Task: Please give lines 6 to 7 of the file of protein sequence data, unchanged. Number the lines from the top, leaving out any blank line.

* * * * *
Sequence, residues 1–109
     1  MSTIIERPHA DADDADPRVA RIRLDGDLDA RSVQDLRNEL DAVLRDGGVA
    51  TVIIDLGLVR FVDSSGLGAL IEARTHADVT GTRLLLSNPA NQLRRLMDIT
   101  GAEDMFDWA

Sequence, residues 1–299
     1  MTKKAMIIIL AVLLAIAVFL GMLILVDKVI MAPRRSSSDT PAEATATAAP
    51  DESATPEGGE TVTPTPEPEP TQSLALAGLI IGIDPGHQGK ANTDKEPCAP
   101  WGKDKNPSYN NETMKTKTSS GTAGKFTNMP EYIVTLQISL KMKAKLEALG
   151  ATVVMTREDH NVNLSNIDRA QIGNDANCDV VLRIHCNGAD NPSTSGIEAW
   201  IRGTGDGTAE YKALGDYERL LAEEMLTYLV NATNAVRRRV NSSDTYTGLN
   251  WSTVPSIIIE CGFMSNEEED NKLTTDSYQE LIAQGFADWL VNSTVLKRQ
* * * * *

     1  MTKKAMIIIL AVLLAIAVFL GMLILVDKVI MAPRRSSSDT PAEATATAAP
    51  DESATPEGGE TVTPTPEPEP TQSLALAGLI IGIDPGHQGK ANTDKEPCAP